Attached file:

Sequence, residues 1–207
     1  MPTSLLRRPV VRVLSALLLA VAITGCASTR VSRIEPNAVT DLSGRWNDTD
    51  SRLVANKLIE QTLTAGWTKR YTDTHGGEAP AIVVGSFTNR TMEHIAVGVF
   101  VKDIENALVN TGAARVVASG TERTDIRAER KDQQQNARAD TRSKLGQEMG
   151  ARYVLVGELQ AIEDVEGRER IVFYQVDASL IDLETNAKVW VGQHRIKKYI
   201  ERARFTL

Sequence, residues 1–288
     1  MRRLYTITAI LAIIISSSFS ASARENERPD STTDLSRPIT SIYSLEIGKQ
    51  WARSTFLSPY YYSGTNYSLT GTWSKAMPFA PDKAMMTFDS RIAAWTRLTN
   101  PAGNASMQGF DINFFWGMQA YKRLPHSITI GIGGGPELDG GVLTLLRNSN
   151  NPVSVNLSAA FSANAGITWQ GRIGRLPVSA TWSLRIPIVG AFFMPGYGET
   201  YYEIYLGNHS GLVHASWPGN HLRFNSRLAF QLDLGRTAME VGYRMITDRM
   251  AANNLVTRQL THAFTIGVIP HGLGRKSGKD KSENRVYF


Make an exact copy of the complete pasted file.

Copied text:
Sequence, residues 1–207
     1  MPTSLLRRPV VRVLSALLLA VAITGCASTR VSRIEPNAVT DLSGRWNDTD
    51  SRLVANKLIE QTLTAGWTKR YTDTHGGEAP AIVVGSFTNR TMEHIAVGVF
   101  VKDIENALVN TGAARVVASG TERTDIRAER KDQQQNARAD TRSKLGQEMG
   151  ARYVLVGELQ AIEDVEGRER IVFYQVDASL IDLETNAKVW VGQHRIKKYI
   201  ERARFTL

Sequence, residues 1–288
     1  MRRLYTITAI LAIIISSSFS ASARENERPD STTDLSRPIT SIYSLEIGKQ
    51  WARSTFLSPY YYSGTNYSLT GTWSKAMPFA PDKAMMTFDS RIAAWTRLTN
   101  PAGNASMQGF DINFFWGMQA YKRLPHSITI GIGGGPELDG GVLTLLRNSN
   151  NPVSVNLSAA FSANAGITWQ GRIGRLPVSA TWSLRIPIVG AFFMPGYGET
   201  YYEIYLGNHS GLVHASWPGN HLRFNSRLAF QLDLGRTAME VGYRMITDRM
   251  AANNLVTRQL THAFTIGVIP HGLGRKSGKD KSENRVYF